A Personal post by Alan S.

Regular readers will know of my love for all things Cornish – in particular the prehistoric heritage of the Duchy area, which has been covered here from time to time.

I am pleased to say that, although it took much longer than originally anticipated after my first visit to the area in 2002, I am finally moving from the smoke of London to reside in Cornwall!

My nearest major monument upon arrival at my destination will be a major tor enclosure, occupied between 3700 and 3400 BC. The tor is visible from miles around and is a major landmark in the area, partly due to a 90ft Celtic Cross, erected on the summit of the tor as a memorial to Francis_Basset, 1st Baron de Dunstanville and Basset.

I’m talking of course, of Carn Brea, situated between Redruth and Camborne.

Valentine’s Series, Souvenir Post Card

The site was excavated in the early 1970’s by Roger Mercer, when traces of platforms for Neolithic long houses were found within the ramparts. In fact, the excavations coined the use of a new site type, ‘tor enclosure’, of which several further examples have since been identified within Cornwall.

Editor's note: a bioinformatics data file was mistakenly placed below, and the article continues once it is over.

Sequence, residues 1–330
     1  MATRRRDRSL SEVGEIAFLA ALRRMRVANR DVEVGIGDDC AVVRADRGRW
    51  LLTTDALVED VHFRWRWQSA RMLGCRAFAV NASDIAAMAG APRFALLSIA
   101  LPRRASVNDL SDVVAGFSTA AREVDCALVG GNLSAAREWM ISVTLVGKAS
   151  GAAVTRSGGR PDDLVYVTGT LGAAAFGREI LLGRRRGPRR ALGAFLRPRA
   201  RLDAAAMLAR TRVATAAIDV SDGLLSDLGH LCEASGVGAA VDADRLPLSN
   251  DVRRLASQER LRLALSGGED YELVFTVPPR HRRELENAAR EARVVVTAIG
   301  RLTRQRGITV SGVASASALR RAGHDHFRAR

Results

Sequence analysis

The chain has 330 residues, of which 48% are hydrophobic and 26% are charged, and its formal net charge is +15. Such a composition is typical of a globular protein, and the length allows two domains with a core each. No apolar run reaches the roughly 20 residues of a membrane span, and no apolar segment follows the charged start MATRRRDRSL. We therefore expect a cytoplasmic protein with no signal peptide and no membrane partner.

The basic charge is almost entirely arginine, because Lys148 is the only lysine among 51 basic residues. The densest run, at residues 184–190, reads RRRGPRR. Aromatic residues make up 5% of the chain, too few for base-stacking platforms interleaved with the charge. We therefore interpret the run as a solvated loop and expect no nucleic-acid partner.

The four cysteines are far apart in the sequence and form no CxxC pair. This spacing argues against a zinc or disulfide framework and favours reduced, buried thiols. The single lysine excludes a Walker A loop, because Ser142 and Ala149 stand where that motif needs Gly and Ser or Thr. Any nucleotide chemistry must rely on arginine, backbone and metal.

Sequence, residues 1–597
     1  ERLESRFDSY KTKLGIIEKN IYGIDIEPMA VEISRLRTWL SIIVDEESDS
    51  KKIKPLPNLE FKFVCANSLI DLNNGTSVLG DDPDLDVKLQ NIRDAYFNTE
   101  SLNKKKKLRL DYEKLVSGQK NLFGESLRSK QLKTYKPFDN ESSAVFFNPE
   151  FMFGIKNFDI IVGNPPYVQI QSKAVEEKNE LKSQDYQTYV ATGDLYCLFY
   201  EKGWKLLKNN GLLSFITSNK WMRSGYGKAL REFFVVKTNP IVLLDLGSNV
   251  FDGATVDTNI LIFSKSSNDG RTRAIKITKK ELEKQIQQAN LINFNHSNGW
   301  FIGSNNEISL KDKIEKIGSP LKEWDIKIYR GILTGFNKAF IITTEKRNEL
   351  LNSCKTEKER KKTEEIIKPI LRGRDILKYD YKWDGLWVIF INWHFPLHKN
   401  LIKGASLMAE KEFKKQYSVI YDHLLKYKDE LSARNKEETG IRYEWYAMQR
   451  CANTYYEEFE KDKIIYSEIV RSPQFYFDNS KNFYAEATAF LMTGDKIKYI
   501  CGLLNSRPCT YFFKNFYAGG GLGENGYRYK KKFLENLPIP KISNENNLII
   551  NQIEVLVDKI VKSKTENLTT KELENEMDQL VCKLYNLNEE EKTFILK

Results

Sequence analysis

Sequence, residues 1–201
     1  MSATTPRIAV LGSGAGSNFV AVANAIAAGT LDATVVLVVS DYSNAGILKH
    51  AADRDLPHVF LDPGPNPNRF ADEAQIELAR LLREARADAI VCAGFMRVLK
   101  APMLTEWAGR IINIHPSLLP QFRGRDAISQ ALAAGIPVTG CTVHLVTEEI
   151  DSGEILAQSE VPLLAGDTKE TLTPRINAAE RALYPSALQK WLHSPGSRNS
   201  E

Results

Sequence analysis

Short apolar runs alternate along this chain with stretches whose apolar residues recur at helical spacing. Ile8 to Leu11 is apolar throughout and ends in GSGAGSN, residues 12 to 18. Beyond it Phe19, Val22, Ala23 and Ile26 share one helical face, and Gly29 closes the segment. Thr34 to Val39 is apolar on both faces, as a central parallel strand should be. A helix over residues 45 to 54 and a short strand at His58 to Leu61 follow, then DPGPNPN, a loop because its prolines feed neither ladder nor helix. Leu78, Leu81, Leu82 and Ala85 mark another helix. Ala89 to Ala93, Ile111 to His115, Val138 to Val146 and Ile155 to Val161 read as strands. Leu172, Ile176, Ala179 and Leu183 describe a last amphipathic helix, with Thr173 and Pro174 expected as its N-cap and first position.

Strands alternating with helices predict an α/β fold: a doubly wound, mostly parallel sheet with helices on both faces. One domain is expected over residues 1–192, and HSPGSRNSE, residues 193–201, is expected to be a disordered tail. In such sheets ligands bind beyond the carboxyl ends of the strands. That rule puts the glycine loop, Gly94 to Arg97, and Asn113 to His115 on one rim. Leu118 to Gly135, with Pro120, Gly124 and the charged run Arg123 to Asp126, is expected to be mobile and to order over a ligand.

Over 700 leaf-shaped flint arrowheads found clustered around the main entrance to the enclosure have been interpreted as one of the earliest indications of ‘warfare’, evidence that the site was attacked by warriors armed with bows and there were also suggestions that the houses had been burned down.

©Cornwall Historic Environment Service.

The hilltop has been the site of human activity through many periods since, with finds of Bronze Age tools, Iron Age (and much later) mining activity, and even a small number of Roman period finds.

There is a well on the northern slopes which is related to a folk tale of a Giant, who picked a fight with another nearby Giant, ‘Bolster’ who lived on St Agnes Beacon. This story is duplicated throughout Cornwall – the Giants of Trencrom and St Michael’s Mount for instance having a similar tale of combat.

To say I’m excited to be moving to the area would be an understatement, and I look forward to bringing  more news and stories of the Cornish prehistoric period to the Heritage Journal in future months.